‘S’ is for ‘Sumsum’ – and for social inclusion

A partnership between Ra’anana’s Beit Issie Shapiro and a hit children’s TV show is helping to spread the message of tolerance and inclusion among Israeli preschoolers.

By
September 3, 2010 17:04
Disability spokesperson Clil Or Ben-Haim.

Rehov Sumsum 311. (photo credit: Courtesy)

The drive to make Israel a more tolerant and inclusive place for people with disabilities has recruited a new crack team of social activists – the Muppets. In a new partnership between the Ra’anana-based nonprofit Beit Issie Shapiro, the Sesame Workshop and the Hop! TV channel, the popular puppet characters from the hit kids’ show Rehov Sumsum (Sesame Street) have been recruited to help preschoolers learn about disability.

Launched last month at Ra’anana’s Haverim Park at an event attended by Welfare and Social Services Minister Isaac Herzog and Mayor Nahum Hofree, the creative new project involves special workshops designed to engage kindergarteners by featuring the friendly characters from Rehov Sumsum.

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The project extends to the new season of the muchloved TV show where, starring alongside veteran Muppets Moishe Oofnik, Abigail and Mahboub, is a brand-new character, a young Muppet girl named Sivan.

Significantly, Sivan has special needs and uses a brightly colored wheelchair to get around. She has been specially created by Rehov Sumsum to help promote tolerance and acceptance of disability among children.

Sivan and her friends also appear on new signs at Haverim Park, Israel’s first disability-friendly public playground, promoting messages of friendship and inclusion.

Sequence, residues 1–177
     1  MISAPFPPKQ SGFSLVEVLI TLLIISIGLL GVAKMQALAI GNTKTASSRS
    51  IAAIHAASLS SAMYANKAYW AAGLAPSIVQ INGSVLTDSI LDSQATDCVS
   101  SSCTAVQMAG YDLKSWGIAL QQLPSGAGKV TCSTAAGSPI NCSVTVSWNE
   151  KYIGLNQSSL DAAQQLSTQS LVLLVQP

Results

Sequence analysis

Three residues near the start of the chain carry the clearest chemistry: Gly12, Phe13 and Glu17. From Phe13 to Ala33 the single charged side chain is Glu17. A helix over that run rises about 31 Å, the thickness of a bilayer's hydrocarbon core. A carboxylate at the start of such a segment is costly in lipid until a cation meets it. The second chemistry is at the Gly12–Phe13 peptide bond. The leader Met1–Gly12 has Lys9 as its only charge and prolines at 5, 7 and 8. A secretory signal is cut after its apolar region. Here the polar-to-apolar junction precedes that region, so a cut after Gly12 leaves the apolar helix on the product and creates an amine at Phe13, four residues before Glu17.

The US children’s TV series Sesame Street, which premiered in 1969, was originally intended as an experiment by the nonprofit Sesame Workshop to see how quality preschool education on television could make a difference in the lives of children, especially those from low socioeconomic backgrounds. The show now has several international spinoffs including a Palestinian version, Sha’ara Simsim.

Israel’s Rehov Sumsum was first broadcast in 1982. With a diverse cast of human and Muppet Israeli characters, including Russian immigrants, Arab Israelis and Sabras, the show was an instant hit.

According to Ronen Cohen, Beit Issie Shapiro’s community program manager, the partnership with Rehov Sumsum is part of the charity’s long-running educational initiative to promote integration of people with special needs across Israel.

“SESAME STREET broadcasts in many different versions all over the world, but all its programs promote the acceptance of different kinds of people,” says Cohen.

“Here in Israel, the new series of Rehov Sumsum will introduce a disabled character for the first time. The idea of Sivan is that she is a regular member of the gang, and she teaches her friends about disability and her special needs.”

As part of the program, a special educational kit featuring Sivan and friends will be distributed among Israeli kindergartens.

Teachers will be encouraged to teach children as young as three about disability issues.

The project will be introduced in Ra’anana, where for the past four years Beit Issie has run similar child-friendly disability education workshops in local kindergartens.

Beit Issie uses the workshops to reach out to the preschoolers’ parents, who also find disability a challenging issue, adds Cohen. “Like kids, adults don’t often get to meet people with disabilities,” he explains.

As a result, people misunderstand and even fear people with special needs.

By introducing a disabled character, Rehov Sumsum is helping Beit Issie address this issue by normalizing issues of disability, adds Cohen.

“Children will see these same issues being talked about in a mainstream show, not just in the formal setting of special activities,” he explains. “It will make it easier for us to talk to them about disability because they will have a frame of reference for it.”

Children all over Israel watch Rehov Sumsum, so these messages of social inclusion will have a much wider reach.

Another important part of Beit Issie’s initiative is to bring regular children into contact with their disabled peers, including via meetings in Haverim Park, and by bringing children with disabilities to speak at workshops.

“It’s important because this way regular kids can see and meet kids with disabilities and play together,” Cohen emphasizes.

Ra’anana residents Simi and Shuki Ben-Haim know from personal experience how vital it is for children with disabilities to be included in mainstream society. Their daughter, Clil Or, was born with cerebral palsy, a motor condition causing physical impairment.